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Merchandising Merit
            
      
hearing the call

Bubbling fountain pulls shoppers into blooming plant display.
 

When you plan floral displays, you probably focus on capturing the eyes of your customers. However, you might find it beneficial to appeal to their ears as well. Susan Jordan, floral manager at Schnucks in University City, a suburb of St. Louis, Mo., discovered this when she designed her “April Showers Bring May Flowers” display.
Ms. Jordan placed a white angel fountain at the center of her colorful blooming plant display. Her corporate office allowed her to run water through it as long as it was kept clean and didn’t get water on the floor. She checked it once a day and turned it off at night.
Ms. Jordan says the fountain captured attention because shoppers wanted to know where the sound of running water was coming from. Once they found the source, she says, the colorful floral products caught their eyes and took over. She entered the display in the 2004 “Merchandising Award of Excellence” contest, sponsored by Super Floral Retailing and Börgen Systems.

RAIN THEME
The sound of running water went perfectly with the display’s rain theme, which Ms. Jordan emphasized with brightly colored umbrellas. She hung two from the ceiling with fishing line and color-coordinated two others with folding chairs she borrowed from the general merchandise department of the store.

GARDEN EMPHASIS
Ms. Jordan added more bright color with coordinating flower balloons, a bumble bee balloon, water cans and garden kneeling pads. These items also emphasized the garden aspect of the display. She dropped a plant into one of the watering cans as a gift idea and stuck butterfly picks into some of the potted blooming plants. Garden tools and statuary also helped develop the gardening theme.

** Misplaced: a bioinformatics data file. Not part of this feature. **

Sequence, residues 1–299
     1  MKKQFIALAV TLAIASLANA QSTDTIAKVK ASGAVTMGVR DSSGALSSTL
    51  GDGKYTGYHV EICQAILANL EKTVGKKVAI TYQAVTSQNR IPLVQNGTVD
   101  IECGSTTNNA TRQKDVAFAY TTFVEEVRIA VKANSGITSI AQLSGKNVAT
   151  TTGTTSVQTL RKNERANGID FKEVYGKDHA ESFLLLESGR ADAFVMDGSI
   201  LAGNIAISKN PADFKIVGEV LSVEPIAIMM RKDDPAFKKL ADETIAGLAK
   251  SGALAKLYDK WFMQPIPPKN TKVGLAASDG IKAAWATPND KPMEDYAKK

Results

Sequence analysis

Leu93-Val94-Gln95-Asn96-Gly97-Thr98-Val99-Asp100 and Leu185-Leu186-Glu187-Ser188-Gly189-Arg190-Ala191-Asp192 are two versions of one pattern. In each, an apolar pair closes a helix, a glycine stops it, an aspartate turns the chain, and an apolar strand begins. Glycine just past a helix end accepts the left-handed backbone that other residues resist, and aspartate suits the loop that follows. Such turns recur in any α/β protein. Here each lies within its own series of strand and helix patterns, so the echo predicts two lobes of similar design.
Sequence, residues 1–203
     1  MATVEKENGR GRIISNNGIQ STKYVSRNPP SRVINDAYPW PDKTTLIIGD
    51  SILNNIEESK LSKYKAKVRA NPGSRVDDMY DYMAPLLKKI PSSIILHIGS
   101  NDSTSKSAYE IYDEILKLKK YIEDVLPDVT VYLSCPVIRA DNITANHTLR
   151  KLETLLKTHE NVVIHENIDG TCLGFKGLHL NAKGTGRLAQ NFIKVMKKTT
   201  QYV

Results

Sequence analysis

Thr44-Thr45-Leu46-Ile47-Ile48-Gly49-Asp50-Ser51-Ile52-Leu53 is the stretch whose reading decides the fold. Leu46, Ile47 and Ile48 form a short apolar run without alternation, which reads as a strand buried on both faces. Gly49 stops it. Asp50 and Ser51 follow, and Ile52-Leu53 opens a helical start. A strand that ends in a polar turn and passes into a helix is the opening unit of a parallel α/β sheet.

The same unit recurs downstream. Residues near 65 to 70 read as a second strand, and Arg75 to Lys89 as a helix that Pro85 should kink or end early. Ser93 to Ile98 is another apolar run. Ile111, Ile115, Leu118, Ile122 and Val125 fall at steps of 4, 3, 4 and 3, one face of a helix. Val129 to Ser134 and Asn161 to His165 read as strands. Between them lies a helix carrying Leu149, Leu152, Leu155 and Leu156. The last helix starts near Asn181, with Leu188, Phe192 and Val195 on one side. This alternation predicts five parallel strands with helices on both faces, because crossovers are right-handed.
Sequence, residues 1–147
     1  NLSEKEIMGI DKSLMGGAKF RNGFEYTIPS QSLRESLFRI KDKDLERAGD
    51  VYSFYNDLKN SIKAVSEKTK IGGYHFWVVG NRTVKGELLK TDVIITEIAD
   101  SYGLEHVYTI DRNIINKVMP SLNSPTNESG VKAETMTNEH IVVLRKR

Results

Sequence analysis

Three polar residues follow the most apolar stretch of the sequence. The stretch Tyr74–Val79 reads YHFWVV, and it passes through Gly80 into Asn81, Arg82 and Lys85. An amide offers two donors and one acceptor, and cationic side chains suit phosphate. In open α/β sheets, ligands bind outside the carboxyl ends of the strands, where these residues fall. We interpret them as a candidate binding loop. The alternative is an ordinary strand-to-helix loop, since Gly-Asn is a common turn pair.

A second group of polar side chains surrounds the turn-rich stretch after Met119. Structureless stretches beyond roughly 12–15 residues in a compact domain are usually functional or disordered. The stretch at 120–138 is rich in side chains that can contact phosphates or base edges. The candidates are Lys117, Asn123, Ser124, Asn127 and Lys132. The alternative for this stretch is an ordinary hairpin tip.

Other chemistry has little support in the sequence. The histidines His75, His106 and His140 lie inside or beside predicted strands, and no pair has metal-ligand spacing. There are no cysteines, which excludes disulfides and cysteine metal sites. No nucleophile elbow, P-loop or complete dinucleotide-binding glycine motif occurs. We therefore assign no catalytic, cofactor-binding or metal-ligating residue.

COLOR BLOCKING
All the product was placed on a tiered merchandiser that Ms. Jordan constructed using gray blocks. The display included a variety of both indoor and outdoor plants. She noticed that customers purchased more outdoor products than usual because they were mixed in with the indoor items.
Ms. Jordan color-blocked the product in yellow, pink and white sections. The fresh product included yellow chrysanthemums and pansies, pink azaleas and Hydrangeas, and white chrysanthemums. The display was backed with a row of large dark green palms, and a row of smaller palms lined the front.

ADDED BONUS
Ms. Jordan had an unexpected bonus from the display. Some customers in search of gifts requested that she put together garden-themed gift baskets from products in the display and combine dish gardens with garden gloves and tools.
Ms. Jordan’s display, located at the entrance to the supermarket, went up as soon as the products arrived and stayed up until it was no longer full, which she says wasn’t very long.
 

You can reach Merchandising Merit writer Monica Humbard at mhumbard@superfloralretailing.com or (800) 355-8086.

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